AVANT-GARDE METAL (Mid 1980s-present)
Avant-Garde Metal, also known as Avant-Metal or Experimental Metal, is a sub-genre of Heavy Metal music loosely defined by use of experimentation and characterized by the use of innovative, avant-garde elements, large-scale experimentation and the use of non-standard and unconventional sounds, instruments, song structures, playing styles and vocal techniques.
This form of Metal is influenced by Progressive Rock and Extreme Metal, particularly Death Metal and is similar to and often overlaps with the similarly experimental Progressive Metal genre. Some local scenes include Los Angeles, the San Francisco Bay Area, Boston and Seattle in the United States, Oslo in Norway and Tokyo in Japan.
Avant-garde metal has been called the most difficult Heavy Metal genre to define and describe. It is characterized by the use of innovative, avant-garde elements, large-scale experimentation and the use of non-standard and unconventional sounds, instruments, song structures, playing styles and vocal techniques. The term “Avant-Garde Metal” is also often used as a term for the separate genre of “Atmospheric Metal” or “Post-Metal”, which was named in reference to post-Rock. Avant-Garde Metal is related to Progressive Metal, but Avant-Garde Metal often has more experimentation, while Progressive Metal usually has a tighter focus on Traditional Metal instrumentation and higher levels of technical complexity.
Avant-Garde Metal also uses unusual sounds, breaks conventions and often includes new elements. The lyrics and visual presentation of the genre are eclectic as well. According to Jeff Wagner in Mean Deviation, electronic percussion and drum machines see widespread use by Avant-Garde Metal bands, along with female vocals and operatic elements, all of which he attributes to the influence of the band Celtic Frost. The Canadian group Voivod also influenced future bands in the genre, pioneering technique such as robotic vocal effects, unusual time signatures and fractured, dissonant, unorthodox guitar sounds.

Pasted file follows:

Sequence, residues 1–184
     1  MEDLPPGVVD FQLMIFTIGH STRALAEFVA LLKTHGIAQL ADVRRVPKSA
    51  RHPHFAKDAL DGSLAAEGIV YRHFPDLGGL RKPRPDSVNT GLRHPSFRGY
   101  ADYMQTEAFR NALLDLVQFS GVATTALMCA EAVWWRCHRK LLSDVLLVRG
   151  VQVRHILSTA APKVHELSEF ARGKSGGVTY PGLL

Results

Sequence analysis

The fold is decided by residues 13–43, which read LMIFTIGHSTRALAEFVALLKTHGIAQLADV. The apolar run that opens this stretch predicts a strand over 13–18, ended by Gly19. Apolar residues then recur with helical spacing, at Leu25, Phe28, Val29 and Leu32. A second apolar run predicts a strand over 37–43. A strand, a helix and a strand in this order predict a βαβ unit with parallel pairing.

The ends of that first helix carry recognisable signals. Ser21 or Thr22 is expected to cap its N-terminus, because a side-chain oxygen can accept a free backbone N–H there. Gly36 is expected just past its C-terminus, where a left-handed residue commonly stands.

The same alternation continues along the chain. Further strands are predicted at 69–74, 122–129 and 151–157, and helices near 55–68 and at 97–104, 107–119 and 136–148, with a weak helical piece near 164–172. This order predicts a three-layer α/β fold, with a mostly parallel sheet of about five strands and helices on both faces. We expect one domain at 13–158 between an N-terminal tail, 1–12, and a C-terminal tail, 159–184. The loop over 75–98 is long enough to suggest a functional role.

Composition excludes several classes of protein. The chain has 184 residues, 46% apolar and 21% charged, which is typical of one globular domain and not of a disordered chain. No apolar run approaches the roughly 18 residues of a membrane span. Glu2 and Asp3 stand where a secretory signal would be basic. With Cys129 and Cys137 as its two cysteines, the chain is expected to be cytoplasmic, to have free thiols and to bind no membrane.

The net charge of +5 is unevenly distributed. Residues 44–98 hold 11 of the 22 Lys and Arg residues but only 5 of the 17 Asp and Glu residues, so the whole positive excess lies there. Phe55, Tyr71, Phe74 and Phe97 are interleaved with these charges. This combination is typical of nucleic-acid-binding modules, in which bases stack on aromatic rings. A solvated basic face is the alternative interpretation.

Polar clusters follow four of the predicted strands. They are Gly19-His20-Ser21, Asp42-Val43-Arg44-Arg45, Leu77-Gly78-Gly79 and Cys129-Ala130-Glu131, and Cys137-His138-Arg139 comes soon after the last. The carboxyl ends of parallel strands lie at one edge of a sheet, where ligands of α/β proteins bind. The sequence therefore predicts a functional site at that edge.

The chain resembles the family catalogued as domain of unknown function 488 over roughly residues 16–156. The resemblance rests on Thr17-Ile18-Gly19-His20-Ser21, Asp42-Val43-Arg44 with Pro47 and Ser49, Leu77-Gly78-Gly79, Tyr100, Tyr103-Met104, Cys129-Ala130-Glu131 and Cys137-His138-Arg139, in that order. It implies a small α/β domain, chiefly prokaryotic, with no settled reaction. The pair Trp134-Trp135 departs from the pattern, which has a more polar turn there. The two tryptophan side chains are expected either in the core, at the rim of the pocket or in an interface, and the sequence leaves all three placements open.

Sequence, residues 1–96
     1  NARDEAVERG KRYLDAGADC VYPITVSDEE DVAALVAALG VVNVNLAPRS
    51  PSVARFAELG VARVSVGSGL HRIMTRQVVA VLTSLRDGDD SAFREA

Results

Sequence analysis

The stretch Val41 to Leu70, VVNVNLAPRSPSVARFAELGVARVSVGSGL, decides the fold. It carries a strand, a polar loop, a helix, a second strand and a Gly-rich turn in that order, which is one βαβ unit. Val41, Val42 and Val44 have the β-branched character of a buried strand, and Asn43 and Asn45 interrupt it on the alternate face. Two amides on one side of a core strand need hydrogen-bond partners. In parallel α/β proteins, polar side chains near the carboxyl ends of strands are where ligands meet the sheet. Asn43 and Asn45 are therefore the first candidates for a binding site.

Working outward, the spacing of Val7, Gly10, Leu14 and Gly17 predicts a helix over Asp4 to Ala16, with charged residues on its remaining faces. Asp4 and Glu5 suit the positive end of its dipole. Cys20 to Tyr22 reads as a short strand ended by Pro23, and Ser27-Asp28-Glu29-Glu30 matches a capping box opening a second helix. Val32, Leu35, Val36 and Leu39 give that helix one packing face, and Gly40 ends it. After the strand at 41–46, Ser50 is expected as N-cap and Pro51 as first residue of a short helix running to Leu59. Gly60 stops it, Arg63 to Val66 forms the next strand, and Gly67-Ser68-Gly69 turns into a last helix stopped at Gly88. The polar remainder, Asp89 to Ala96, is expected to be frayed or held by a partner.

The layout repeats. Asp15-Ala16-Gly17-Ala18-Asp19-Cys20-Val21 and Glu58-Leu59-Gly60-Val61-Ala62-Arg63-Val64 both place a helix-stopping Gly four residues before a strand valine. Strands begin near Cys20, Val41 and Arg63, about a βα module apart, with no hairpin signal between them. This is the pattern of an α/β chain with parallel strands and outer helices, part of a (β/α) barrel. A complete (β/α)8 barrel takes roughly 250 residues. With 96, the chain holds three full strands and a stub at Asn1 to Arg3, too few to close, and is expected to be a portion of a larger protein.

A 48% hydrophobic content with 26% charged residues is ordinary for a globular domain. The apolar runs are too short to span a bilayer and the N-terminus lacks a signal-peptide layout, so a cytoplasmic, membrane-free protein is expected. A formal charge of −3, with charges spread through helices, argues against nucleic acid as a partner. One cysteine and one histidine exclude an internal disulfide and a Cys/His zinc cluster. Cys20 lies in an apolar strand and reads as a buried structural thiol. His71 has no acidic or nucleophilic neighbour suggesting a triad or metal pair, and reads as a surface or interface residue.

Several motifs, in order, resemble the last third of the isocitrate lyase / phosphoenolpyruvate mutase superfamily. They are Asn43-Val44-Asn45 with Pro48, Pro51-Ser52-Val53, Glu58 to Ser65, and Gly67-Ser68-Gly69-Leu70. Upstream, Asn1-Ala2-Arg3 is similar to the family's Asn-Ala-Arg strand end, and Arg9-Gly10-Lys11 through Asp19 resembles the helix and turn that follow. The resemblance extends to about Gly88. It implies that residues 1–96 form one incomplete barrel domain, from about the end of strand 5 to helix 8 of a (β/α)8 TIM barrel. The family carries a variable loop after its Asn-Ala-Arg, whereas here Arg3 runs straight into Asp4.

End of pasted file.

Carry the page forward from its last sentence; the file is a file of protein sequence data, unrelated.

According to Ian Christe, Avant-Garde Metal emerged from Death Metal as a number of musicians “abandoned the tightly wound structure of the music and experimented with abstractions of its founding elements.” Progressive Rock has also been cited as an influence. Some early examples are the King Crimson releases Larks’ Tongues in Aspic and Red in 1973 and 1974 respectively, with the latter album’s title track defining an “Avant-Metal style” that Robert Fripp would revisit years later. Another early example is the 1976 Led Zeppelin album Presence.
The genre emerged in the early 1980s through the efforts of bands such as Celtic Frost and Voivod, who pioneered the genre. Other pioneers of Avant-Garde Metal include Boris, Earth, Helmet, Mayhem, maudlin of the Well, Neurosis, Sunn O))) and Mr. Bungle. In the late 1990s, Misanthropy Records emerged as a promoter of Norwegian Avant-Garde Metal until it folded in 2000, and according to Jeff Wagner, in the late 1990s and early 2000s; a so-called “New Wave of Avant-Garde Metal” was spearheaded by The End Records. Wagner states that “with the support of [Misanthropy and The End Records] and other specialty labels, Metal’s new Avant-Garde had arrived.” Some other record labels which promote Avant-Garde Metal are Aurora Borealis, The Flenser, Holy Records, Hydra Head Records, Ipecac Recordings, Napalm Records, the Release Entertainment imprint of Relapse Records, Seventh Rule Recordings and Southern Lord Records.
In the United States, local Avant-Garde Metal scenes have emerged in the San Francisco Bay Area with bands such as Giant Squid, Grayceon and Ludicra; in Boston, with bands such as Isis, Kayo Dot and maudlin of the Well; and in Seattle. According to the New York Times, some regional scenes that developed in the mid-1990s included the cities of Tokyo, Los Angeles and Oslo.